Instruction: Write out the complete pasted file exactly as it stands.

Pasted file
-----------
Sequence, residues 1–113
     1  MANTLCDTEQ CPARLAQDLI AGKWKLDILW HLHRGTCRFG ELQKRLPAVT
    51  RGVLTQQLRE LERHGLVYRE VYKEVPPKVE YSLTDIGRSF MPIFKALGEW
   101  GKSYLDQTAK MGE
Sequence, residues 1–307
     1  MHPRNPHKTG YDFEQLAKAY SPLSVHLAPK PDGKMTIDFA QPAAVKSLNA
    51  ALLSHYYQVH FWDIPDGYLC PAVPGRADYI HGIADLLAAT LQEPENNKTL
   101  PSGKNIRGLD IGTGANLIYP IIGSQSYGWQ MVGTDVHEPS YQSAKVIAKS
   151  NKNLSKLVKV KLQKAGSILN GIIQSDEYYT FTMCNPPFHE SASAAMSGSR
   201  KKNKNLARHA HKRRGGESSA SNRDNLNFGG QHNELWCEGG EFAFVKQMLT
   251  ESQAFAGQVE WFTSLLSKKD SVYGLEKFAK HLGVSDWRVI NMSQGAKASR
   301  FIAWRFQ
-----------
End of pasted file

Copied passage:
Sequence, residues 1–113
     1  MANTLCDTEQ CPARLAQDLI AGKWKLDILW HLHRGTCRFG ELQKRLPAVT
    51  RGVLTQQLRE LERHGLVYRE VYKEVPPKVE YSLTDIGRSF MPIFKALGEW
   101  GKSYLDQTAK MGE
Sequence, residues 1–307
     1  MHPRNPHKTG YDFEQLAKAY SPLSVHLAPK PDGKMTIDFA QPAAVKSLNA
    51  ALLSHYYQVH FWDIPDGYLC PAVPGRADYI HGIADLLAAT LQEPENNKTL
   101  PSGKNIRGLD IGTGANLIYP IIGSQSYGWQ MVGTDVHEPS YQSAKVIAKS
   151  NKNLSKLVKV KLQKAGSILN GIIQSDEYYT FTMCNPPFHE SASAAMSGSR
   201  KKNKNLARHA HKRRGGESSA SNRDNLNFGG QHNELWCEGG EFAFVKQMLT
   251  ESQAFAGQVE WFTSLLSKKD SVYGLEKFAK HLGVSDWRVI NMSQGAKASR
   301  FIAWRFQ